A simple definition of verbal abuse can be: carefully used words to best portray a person as a negative one. Verbal abuse can happen in a relationship, marriage, at work, in school or among family members.
Why is verbal abuse happening
Very often it happens that people who are abusive don’t realize that they abuse. The background of the abuse usually lies deep in their childhood when they were learning how to communicate. If one or both of their parents were abusive to each other, or to the child, then the now grown up person will think that the way they communicate is the normal way.
Verbally abusive people know the difference between the victim and the abuser, but the real problem is that they think it is normal for one of them to be repressed and the other to maintain control the whole time. So, it’s not that they don’t know about the abuse, but they think it is their only choice since the other option is to be abused themselves, not understanding that life is not black and white and no one needs to be abused.
Other reasons might be anger management problems, lack of empathy, alcohol or drug addiction, and other serious mental disorders.
What is verbal abuse
Verbal abuse has a wide range of abilities. Criticizing, blaming, sarcastic comments, insults, name calling, judging, accusing, directing and manipulating, countering or even withdrawing information. All these verbal abuses are happening around us, and sometimes maybe to us, but we don’t notice them, because the key to be a “successful” verbal abuser is not to be revealed as one, instead to always keep the blame for questioning and complaining the victim.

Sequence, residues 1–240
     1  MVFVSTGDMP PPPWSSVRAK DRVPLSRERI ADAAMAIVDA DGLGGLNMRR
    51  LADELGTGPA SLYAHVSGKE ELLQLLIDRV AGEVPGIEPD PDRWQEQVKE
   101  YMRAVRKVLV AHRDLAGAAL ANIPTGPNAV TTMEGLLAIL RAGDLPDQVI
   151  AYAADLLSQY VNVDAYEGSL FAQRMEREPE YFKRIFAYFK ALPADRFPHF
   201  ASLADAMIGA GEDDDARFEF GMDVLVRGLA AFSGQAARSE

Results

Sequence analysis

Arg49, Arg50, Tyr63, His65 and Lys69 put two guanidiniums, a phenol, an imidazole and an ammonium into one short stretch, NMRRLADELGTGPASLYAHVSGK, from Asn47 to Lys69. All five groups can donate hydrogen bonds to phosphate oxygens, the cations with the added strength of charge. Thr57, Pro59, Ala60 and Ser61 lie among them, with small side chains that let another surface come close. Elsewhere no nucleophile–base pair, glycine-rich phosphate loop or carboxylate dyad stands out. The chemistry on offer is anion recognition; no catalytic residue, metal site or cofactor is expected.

Understanding abusive people
It is hard to understand and forgive the abuser about their behavior. Every person who has to live or spend more hours around verbal abusers might be left with serious emotional scars. So how to cope with these kinds of people?
A therapist might be the best solution. Professional treatment will show them what is normal and what is abusive behavior and teach them how to communicate with the people they love and care.
Trying to have a reasonable conversation about their behavior can also be helpful in some cases, but in most cases verbal abusers don’t understand the reason, then it becomes very hard for you to accomplish this.
How to respond to verbal abuse
As mentioned, reason is not a word in the abuser’s dictionary. Your best line of defense is to clearly draw the line beyond which the abuse is too much. Let the abuser know that you won’t take their actions as normal and won’t let them treat you like that. “Stop that” is a great answer in many cases. Use it.
If nothing works and all your attempts to work things out fail, think about leaving before it’s too late.